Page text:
• Talent shortages abound. Despite industry employment growing by 7.4 percent since 2018, 80 to 90 percent of local Cyber companies cited difficulty sourcing qualified workers. The region’s colleges and universities are expanding their course offerings to bridge these gaps, but more must be done to better draw students to these programs.
  • Home to the largest concentration of military assets in the world, San Diego—and its Cyber firms—are positioned for growth. Nearly three in five local Cyber firms work directly or indirectly for the federal government, including the Department of Defense, and 32 percent focus exclusively on fulfilling federal contracts. Defense contracts are typically big, multiyear investments that provide stability to San Diego’s Cyber industry.

“It should come as no surprise that San Diego is at the heart of transforming the defense industrial base leveraging today’s latest technology, while working to mitigate the risks inherent to increased connectivity and data-centric decision making,” said Jennie Brooks, Senior Vice President at Booz Allen Hamilton—underwriter of the EDC study series—and leader of the firm’s San Diego office, which employs over 1,200 professionals working on cybersecurity, analytics, engineering and IT modernization. “It’s clear that 5G, AI, ML, and cyber warfare will define our future battlefields, digital, and physical—and while we are encouraged by the report findings, we must all be ready to meet this new mission by fostering Cyber-ready tech talent, investing in up-skilling and reskilling programs, implementing rigorous cyber hygiene practices from the board level down, and coming together as a regional cluster to define how these new technologies will further—and safely—shape the San Diego region in the coming years.”

Cyber is an important and rapidly growing piece of the San Diego regional economy. Notably, every Cyber job generates another job in other industries in the region. The cluster accounts for 24,349 San Diego jobs across 874 firms, and has a total economic impact of $3.5 billion annually. This is about the equivalent of nine Super Bowls or 23 Comic-Cons.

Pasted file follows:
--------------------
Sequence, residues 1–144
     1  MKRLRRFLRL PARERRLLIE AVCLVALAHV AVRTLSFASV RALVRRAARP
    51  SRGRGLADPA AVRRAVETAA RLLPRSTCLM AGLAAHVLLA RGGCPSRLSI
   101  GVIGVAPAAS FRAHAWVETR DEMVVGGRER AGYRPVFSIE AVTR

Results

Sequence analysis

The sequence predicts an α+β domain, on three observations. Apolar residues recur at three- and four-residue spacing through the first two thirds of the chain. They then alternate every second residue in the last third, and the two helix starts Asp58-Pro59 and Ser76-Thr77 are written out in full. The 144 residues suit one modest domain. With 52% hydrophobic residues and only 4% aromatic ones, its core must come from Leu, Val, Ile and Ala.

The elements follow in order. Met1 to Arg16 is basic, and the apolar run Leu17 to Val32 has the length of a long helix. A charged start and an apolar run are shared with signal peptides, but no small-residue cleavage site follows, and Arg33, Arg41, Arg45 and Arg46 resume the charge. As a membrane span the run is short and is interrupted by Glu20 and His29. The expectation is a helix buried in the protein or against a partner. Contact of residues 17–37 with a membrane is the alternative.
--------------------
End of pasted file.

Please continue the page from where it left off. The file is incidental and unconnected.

“San Diego’s premier educational institutions, diverse industry base and robust federal assets seed not only the Cyber workforce but the innovation needed to protect our nation,” said Lisa Easterly, President & CEO, CCOE.

The study series is underwritten by Booz Allen Hamilton and produced by San Diego Regional EDC. The report was unveiled at a virtual, community event (video recording below) sponsored by CCOE and Thermo Fisher Scientific, with representatives from Booz Allen Hamilton, ESET, Analytics Ventures, Cal State San Marcos, and Naval Information Warfare Center Pacific, among others.

Read the full study at cyber.sandiegoAI.org

 

Securing the Future AI and San Diego’s Cyber Cluster Event Recording.mp4 from San Diego Regional EDC on Vimeo.

Young Professional Spotlight: Alyssa Snow

Alyssa Snow, a CSU San Marcos and Link to San Diego alumna, is a cybersecurity professional currently working for Teradata. She has participated in two of EDC’s Advancing San Diego industry engagement events in 2021—most recently for a Women in STEM career panel. For Alyssa, participating in these events is meaningful because she remembers how it felt to sit on the opposite end of the room only a few years back, and finding her career path through EDC’s Link to San Diego event.

Read more about Alyssa’s experience below.

How did Link to San Diego launch your career?

In my third year of college at CSU San Marcos in 2018, I attended EDC’s “Link to San Diego: Cybersecurity” career panel and industry engagement event. This event propelled my career in cybersecurity. During the event, one panelist shared what it was like to work as a security engineer, which inspired me to learn more.

I approached the panelist, a representative from Teradata, and asked him how relevant specific projects of mine may be to practical security experience. After the event, I continued to keep in touch with the professional via LinkedIn and email. He sent me various links to resources that introduced security topics that I was interested in learning more about. Eventually, this individual introduced me to a few other employees from Teradata.

I will never forget this day. It meant so much to me that six security professionals took the time to have lunch with me a few weeks after the event and answer some questions regarding what it is like to work in the industry. By the end of the lunch, the Application Security team director asked me for my resume. He informed me that there were no internship opportunities for the security organization at that time, however, he would like to reach out if one were to become available.

Just a month after this lunch, a recruiter reached out to me and asked me if I would like to interview for an open internship position on that very team. I became one of the first-ever interns in the security organization at Teradata. I interned with the Application Security team for a year and a quarter, and was responsible for delivering automated solutions to scale product security across the organization. It was a remarkable experience that gave me direction in my career path.

Where are you now?